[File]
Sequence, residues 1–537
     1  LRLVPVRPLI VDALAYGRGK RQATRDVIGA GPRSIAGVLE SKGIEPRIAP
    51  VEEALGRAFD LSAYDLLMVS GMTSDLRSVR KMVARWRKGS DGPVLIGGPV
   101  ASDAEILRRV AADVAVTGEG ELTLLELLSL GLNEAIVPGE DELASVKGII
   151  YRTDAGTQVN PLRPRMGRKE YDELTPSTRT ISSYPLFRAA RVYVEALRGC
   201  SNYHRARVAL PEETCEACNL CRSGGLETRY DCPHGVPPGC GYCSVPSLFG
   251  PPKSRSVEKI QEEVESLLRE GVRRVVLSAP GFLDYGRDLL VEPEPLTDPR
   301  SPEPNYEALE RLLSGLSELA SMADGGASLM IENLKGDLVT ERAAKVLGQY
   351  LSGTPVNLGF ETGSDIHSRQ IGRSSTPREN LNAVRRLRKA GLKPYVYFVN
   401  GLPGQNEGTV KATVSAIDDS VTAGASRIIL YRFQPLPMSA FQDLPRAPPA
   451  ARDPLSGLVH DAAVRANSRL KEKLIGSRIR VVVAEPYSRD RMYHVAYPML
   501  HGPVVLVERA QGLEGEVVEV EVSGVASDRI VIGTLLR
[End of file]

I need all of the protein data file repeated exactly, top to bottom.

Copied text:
Sequence, residues 1–537
     1  LRLVPVRPLI VDALAYGRGK RQATRDVIGA GPRSIAGVLE SKGIEPRIAP
    51  VEEALGRAFD LSAYDLLMVS GMTSDLRSVR KMVARWRKGS DGPVLIGGPV
   101  ASDAEILRRV AADVAVTGEG ELTLLELLSL GLNEAIVPGE DELASVKGII
   151  YRTDAGTQVN PLRPRMGRKE YDELTPSTRT ISSYPLFRAA RVYVEALRGC
   201  SNYHRARVAL PEETCEACNL CRSGGLETRY DCPHGVPPGC GYCSVPSLFG
   251  PPKSRSVEKI QEEVESLLRE GVRRVVLSAP GFLDYGRDLL VEPEPLTDPR
   301  SPEPNYEALE RLLSGLSELA SMADGGASLM IENLKGDLVT ERAAKVLGQY
   351  LSGTPVNLGF ETGSDIHSRQ IGRSSTPREN LNAVRRLRKA GLKPYVYFVN
   401  GLPGQNEGTV KATVSAIDDS VTAGASRIIL YRFQPLPMSA FQDLPRAPPA
   451  ARDPLSGLVH DAAVRANSRL KEKLIGSRIR VVVAEPYSRD RMYHVAYPML
   501  HGPVVLVERA QGLEGEVVEV EVSGVASDRI VIGTLLR